Outside a discreet glass fronted shop on Mayfair’s Mount Street, just across from the Connaught Hotel, a queue can often be seen snaking down the street. The shoppers are already bag-laden, and on the pavement in front of the door sits a stack of coloured travel trunks. What are they waiting for?
The shop is the London home of luxury luggage brand Goyard, whose handbags, travel cases and pet accessories are recognisable by their dotted chevron print canvas. The brand was founded in Paris in 1853 by François Goyard, the year before Louis Vuitton founded his label in the same city. Unlike Louis Vuitton, Goyard is privately owned, and not answerable to shareholders. You will never see a Goyard advertisement in print, nor find its wares on any ecommerce platform. It retails in just 19 locations around the world.
This level of exclusivity has made Goyard highly coveted. Its clientele has included Pablo Picasso and the Rockefellers, Coco Chanel and Karl Lagerfeld, Kanye West and Meghan Markle. Jay Z referenced it in his latest collaboration with Beyoncé, “Everything is Love”, with the lyric “Louis V and Goyard trunks all in the closet.”
Part of its appeal is that not much has changed about the brand since it started out. It has continued with artisanal methods of production (although the bags are no longer hand-painted), and the wheelless trunks recall the days when luggage bearers were standard. It’s a heritage brand in the truest sense of the word.
The shopping experience is equally antiquated. The queue, which in the summer months can stretch down the street, forms due to a system of controlled entry that ensures the number of customers never exceeds the number of staff inside the shop. Every customer is given one-on-one service by a white-gloved shop assistant.
“We want to buy something that is special,” says one queueing customer, Nina, a Chinese student studying in Belfast. “In our country there’s isn’t such a shop. And you can’t buy it online,” adds her friend John, also a student.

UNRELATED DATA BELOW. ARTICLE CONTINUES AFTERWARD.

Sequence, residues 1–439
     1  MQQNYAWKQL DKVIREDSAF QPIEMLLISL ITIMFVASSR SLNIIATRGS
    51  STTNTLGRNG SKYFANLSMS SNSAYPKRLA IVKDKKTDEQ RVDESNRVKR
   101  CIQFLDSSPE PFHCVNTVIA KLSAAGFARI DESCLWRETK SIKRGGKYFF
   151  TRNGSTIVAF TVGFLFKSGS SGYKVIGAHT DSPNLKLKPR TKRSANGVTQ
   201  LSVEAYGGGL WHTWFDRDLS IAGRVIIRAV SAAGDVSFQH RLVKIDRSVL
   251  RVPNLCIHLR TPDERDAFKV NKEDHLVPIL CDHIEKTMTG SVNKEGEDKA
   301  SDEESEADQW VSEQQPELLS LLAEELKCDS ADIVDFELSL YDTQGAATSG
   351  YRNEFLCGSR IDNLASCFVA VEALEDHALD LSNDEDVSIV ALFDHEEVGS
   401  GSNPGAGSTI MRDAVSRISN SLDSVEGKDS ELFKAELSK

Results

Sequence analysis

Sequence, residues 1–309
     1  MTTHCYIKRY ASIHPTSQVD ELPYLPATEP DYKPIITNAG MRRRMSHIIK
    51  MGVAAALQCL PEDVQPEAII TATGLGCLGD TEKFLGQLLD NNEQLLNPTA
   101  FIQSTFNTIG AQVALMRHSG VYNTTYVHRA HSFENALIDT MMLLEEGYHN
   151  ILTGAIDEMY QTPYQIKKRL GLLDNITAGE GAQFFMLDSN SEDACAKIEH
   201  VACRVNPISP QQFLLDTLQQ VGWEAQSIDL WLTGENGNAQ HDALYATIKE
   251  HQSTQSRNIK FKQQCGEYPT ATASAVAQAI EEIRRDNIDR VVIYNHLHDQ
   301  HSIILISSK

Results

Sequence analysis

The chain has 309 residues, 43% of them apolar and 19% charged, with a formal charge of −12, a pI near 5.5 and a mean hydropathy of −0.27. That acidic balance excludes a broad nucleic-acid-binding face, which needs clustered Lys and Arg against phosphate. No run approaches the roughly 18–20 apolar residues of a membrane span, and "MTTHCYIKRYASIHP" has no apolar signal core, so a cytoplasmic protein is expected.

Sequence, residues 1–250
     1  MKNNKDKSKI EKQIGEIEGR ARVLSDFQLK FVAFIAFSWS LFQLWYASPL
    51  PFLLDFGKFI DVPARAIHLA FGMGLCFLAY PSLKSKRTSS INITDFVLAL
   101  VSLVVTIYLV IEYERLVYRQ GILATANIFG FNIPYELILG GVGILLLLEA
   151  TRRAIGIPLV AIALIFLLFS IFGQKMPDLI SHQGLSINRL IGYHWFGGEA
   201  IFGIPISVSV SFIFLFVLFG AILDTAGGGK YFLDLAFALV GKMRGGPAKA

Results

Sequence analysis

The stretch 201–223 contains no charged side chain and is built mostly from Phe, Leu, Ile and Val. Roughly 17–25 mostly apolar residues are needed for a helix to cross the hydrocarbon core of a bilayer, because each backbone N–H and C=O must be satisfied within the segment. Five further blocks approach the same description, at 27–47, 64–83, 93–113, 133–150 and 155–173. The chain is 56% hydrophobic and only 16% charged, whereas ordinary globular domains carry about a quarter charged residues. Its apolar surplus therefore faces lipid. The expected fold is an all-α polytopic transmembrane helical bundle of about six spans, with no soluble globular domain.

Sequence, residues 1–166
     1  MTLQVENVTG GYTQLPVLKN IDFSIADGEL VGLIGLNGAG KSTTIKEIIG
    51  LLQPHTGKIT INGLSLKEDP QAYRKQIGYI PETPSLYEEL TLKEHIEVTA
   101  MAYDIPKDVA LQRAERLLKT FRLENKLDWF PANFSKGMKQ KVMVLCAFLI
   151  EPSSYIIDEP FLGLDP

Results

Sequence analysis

In fact, two out of 19 Goyard retailers are located in China, but housed inside sparkling new shopping centres. With part of the appeal of the brand lying in its summoning up of the “golden age” of travel, purchasing Goyard products in one of its stores in Paris (the home of the original shop) or London (the first European store outside France) allows customers to experience part of the lifestyle of European grandeur upon which the brand was predicated.
Aisha, a teenager from Kuwait, was there partly for the experience, too. “This is the second Goyard product I’ve bought,” she said of the Yves Klein blue clutch bag she left the store with (which retails at about £700). “But the first time to come to the boutique.”
Luggage does not come more old-school than Goyard. Their website notes that for a custom-built trunk, “everything is possible.” Alongside their classic picnic or gardening trunks are examples of Champagne trunks, polo trunks, caviar trunks. Sir Arthur Conan Doyle set a precedent for workaholics with his custom Goyard office trunk, which folded out into a desk, and featured a bookcase and typewriter.
The brand’s decision to eschew marketing and rely on the draw of exclusivity seems to be paying off. “It’s special,” says one man queueing to exchange a green Saint Louis bag for a clutch in the same colour. “There are too many Louis Vuittons. This is the only Goyard.”
- Copyright The Financial Times Limited 2018.